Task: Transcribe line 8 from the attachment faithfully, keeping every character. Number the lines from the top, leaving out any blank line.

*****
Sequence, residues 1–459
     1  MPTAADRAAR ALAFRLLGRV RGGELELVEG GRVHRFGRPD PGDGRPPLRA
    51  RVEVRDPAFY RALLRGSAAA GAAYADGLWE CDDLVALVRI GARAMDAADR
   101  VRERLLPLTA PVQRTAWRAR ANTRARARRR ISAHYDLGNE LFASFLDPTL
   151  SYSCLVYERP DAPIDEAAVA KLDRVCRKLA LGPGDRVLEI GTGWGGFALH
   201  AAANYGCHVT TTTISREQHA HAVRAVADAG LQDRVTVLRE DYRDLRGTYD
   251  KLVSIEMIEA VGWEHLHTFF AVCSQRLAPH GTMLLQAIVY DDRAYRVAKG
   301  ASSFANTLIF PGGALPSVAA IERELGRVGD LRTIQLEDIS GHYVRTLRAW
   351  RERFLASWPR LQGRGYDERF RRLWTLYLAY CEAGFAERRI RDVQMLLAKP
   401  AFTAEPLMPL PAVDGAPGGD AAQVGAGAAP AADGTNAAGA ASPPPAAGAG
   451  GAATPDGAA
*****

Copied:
   301  ASSFANTLIF PGGALPSVAA IERELGRVGD LRTIQLEDIS GHYVRTLRAW